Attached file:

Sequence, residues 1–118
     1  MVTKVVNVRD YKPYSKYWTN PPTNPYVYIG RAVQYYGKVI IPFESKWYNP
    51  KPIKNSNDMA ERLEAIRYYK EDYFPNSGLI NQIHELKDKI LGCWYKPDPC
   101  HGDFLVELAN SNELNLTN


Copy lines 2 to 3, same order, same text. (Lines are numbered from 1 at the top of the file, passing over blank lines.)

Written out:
     1  MVTKVVNVRD YKPYSKYWTN PPTNPYVYIG RAVQYYGKVI IPFESKWYNP
    51  KPIKNSNDMA ERLEAIRYYK EDYFPNSGLI NQIHELKDKI LGCWYKPDPC